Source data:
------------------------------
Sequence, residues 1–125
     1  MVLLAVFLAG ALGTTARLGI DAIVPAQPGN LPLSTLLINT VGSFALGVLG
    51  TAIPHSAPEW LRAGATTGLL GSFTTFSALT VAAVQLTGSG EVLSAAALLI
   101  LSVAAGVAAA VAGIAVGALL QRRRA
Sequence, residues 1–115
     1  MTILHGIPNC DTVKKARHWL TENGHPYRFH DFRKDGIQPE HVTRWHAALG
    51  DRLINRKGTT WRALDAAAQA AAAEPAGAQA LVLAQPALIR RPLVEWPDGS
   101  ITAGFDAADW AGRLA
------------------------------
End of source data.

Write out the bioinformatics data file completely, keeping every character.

Sequence, residues 1–125
     1  MVLLAVFLAG ALGTTARLGI DAIVPAQPGN LPLSTLLINT VGSFALGVLG
    51  TAIPHSAPEW LRAGATTGLL GSFTTFSALT VAAVQLTGSG EVLSAAALLI
   101  LSVAAGVAAA VAGIAVGALL QRRRA
Sequence, residues 1–115
     1  MTILHGIPNC DTVKKARHWL TENGHPYRFH DFRKDGIQPE HVTRWHAALG
    51  DRLINRKGTT WRALDAAAQA AAAEPAGAQA LVLAQPALIR RPLVEWPDGS
   101  ITAGFDAADW AGRLA